Martini has called the station’s playlists “predictable.” But when over half of your own radio show is devoted to artists played on KXT, what does that say about your playlist? I’ll be kind. I would say that his playlist is rather “unpredictable,” because I was shocked that the amount of crossover was that high. Perhaps he was making a playlist for the normals.

Photo: Flaming Lips performing (via)


  • mike

    awesome photo ……. from last year

  • Hey Chris! Thanks for the mention.

    2 things. First, I host the Americana/Roots Rock show, which means… yeah… I’m going to play things that are a LOT more similar to KXT than the rest of the 166 hours a week the station broadcasts (my show airs twice a week).

    Yep! I play lots of music that KXT does, because it’s good. I also don’t play lots of the music that KXT does, but I don’t like it. I’ve played Elvis Costello, Adele, Mumford & Sons (I will take credit for being first on that one), Ben Folds, Steve Earle, Willie Nelson, The Highwaymen… hell, I had a whole show dedicated to The Band & Levon Helm.

    And if I didn’t play Americana music on my show, folks like The Stone Foxes, Daniel Munkus, Greg Felden, Shakey Grave, Mount Moriah, and yes, Fate Lions might not get played on our station.

    Second, I have never wished anything but success for KXT. It’s IMPORTANT to the city. This is the only on air station that has the luxury of taking big chances with their playlists. They can play multiple local artists consistently BECAUSE they are funded by local music fans.

    KXT is one of the best things to happen to the local music scene in the history of Dallas music. it gives local bands a chance to be heard on a level that they previously did not have access to. Before the local show on the Edge and KXT, I heard more local music on The Ticket than any station in town (sans KNON and KTCU).

    I DESPERATELY want KXT to do well. See… it’s about a scene, not a particular entity. If the SCENE grows in popularity, then all of those who support it (you and I included) will be put in positions to succeed. Dallas finally has an increasingly popular over the air station that is dedicated to putting out music that corporately owned stations in town won’t touch. It’s an AMAZING thing.

    If KXT does well, that means Indie-verse might just have a chance. We would LOVE for more of Dallas to know the likes of everyone booked at Summer Cut. It was a fabulous line-up. If more people had a point of reference on these bands, the entire “indie” scene would be in a better position to gain popularity.

    The more popular KXT is, the better. Please. I’d LOVE it if they were the highest rated station in town. That would help me and the majority of my friends IMMENSELY.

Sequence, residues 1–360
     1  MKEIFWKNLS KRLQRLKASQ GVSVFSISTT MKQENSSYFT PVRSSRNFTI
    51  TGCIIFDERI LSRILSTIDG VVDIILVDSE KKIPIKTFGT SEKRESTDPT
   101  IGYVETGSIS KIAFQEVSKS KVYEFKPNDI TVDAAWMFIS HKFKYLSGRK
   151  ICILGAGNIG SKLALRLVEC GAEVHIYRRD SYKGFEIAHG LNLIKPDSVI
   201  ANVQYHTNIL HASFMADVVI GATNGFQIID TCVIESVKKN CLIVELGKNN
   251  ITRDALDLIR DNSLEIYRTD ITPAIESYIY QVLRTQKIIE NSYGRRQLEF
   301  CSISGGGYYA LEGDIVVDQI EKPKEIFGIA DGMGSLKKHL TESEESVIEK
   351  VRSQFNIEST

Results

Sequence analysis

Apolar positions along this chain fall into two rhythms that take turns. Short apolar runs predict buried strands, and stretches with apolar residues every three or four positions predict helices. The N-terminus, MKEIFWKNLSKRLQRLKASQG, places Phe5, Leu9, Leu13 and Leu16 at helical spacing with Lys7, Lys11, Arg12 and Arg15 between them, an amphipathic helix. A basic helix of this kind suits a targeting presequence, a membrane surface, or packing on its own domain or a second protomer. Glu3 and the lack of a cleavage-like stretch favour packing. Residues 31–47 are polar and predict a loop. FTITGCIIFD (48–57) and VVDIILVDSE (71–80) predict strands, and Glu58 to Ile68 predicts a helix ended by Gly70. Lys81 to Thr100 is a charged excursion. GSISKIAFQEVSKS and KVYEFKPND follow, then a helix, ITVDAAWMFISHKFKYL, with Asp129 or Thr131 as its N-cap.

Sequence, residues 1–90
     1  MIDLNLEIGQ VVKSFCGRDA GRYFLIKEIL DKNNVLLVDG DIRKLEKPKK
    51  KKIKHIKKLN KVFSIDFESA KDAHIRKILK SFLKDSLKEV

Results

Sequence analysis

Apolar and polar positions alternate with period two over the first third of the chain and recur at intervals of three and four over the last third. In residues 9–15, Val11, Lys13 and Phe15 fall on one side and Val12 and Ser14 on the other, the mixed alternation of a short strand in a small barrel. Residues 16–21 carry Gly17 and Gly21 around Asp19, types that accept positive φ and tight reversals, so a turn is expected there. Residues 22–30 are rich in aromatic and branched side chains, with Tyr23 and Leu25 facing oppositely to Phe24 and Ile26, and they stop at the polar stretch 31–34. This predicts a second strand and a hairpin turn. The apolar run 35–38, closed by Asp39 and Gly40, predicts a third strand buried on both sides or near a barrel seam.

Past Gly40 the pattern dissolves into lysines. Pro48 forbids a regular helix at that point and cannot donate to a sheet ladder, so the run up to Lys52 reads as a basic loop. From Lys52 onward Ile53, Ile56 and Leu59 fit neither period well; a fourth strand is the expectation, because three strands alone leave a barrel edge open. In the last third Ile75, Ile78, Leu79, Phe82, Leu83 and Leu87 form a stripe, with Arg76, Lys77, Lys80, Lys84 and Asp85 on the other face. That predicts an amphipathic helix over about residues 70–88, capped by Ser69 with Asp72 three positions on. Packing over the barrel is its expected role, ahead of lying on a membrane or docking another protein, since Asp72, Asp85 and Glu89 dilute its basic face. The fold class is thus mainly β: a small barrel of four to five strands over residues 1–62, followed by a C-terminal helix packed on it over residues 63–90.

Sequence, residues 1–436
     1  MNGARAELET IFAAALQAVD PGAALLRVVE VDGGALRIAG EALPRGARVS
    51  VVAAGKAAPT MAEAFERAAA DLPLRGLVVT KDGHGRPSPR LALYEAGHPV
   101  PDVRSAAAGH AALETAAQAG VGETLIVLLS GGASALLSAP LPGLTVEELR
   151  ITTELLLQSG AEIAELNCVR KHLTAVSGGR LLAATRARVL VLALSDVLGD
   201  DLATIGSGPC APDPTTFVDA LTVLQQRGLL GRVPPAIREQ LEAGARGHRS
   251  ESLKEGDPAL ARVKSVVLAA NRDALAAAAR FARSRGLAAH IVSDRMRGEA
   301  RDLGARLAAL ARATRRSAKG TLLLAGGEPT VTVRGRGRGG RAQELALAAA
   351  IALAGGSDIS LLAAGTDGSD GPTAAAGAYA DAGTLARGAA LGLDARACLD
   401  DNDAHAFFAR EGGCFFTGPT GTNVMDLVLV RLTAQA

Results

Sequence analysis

But thanks for the plug! Let us know if you’d like your own show. I’d guess there’s a lot of people in this town that would love to know what you think should get radio play.

    Seriously. The offer’s on the table.

  • David

    It’s important to remember that the Indie-Verse is not a radio station. Streaming online only takes it out of the discussion, and provides important insight into the viability of “indie-only”.

  • JasonM

    I think the “local” issue is a red herring. The bigger problem is that the national & international playlist is incredibly uncreative.

    I have a simple criterion: when I turn on the nonprofit, public radio, am I going to hear the same songs that I have heard a million times on commercial radio, in advertisements, etc.?

    When I turn on KXT, the answer is “yes.” And if the answer is “yes,” then what is the reason for this entity to exist?

    I don’t even care very much about “local” or “indie” as criteria. All I want is to be exposed to something new and creative. And since I can’t get that from KXT — at all — my car radio will continue to gather dust as I listen to podcasts of WXPN’s World Cafe, KCRW’s Morning Becomes Eclectic, NPR’s All Songs Considered — none of which are especially “local” or “indie,” but all of which fulfil the basic criterion of creative interest and innovation in the way that KXT abysmally fails to do.

  • jarbol

    JasonM said, “[W]hen I turn on the nonprofit, public radio, am I going to hear the same songs that I have heard a million times on commercial radio, in advertisements, etc.?”

    I would add to that a caveat, not an outright disagreement. I heard Led Z on KXT the other day, for example, so I can’t simply disagree with your statement. But I don’t ALWAYS hear Led or Pink or Steve Miller or Nirvana or any of the other “tried and true” hit-makers. I OFTEN hear stuff (especially local stuff) I’ve never heard of because Clear Channel and others of that ilk won’t play it. Just won’t even consider it. You’re calling it a “basic” criterion for creativity, but that simply isn’t so (okay, so I will flat-out disagree, I guess). It’s an extremely high standard to require a station to ONLY PLAY STUFF THAT DOESN’T HIT THE MAINSTREAM AIRWAVES!! A basic criterion would be a blend–to hear something unexpected after that Eric Clapton song, maybe even for comparison’s sake. It might not be your standard for listening, but that doesn’t mean the station isn’t innovative or provide a much-needed function in this town. Could it be better? Well, couldn’t we all be?

  • Brian

    I love KXT. I’ve donated since day 1 and I don’t plan to let my membership lapse because it is the best radio in north Texas, period!

    That said, the guy who said “the national & international playlist is incredibly uncreative” has a point.

    The “problem” as I see it is not that the station is playing classic rock, but that too much “top 40 classic rock” is played, when you and I both know the albums those songs came from have deeper cuts that are just as good. And to the station’s credit, you actually do hear some of these deeper cuts, although not nearly as often as you hear the “greatest hits”.

  • Dane

    Check out KXT’s video from the show here: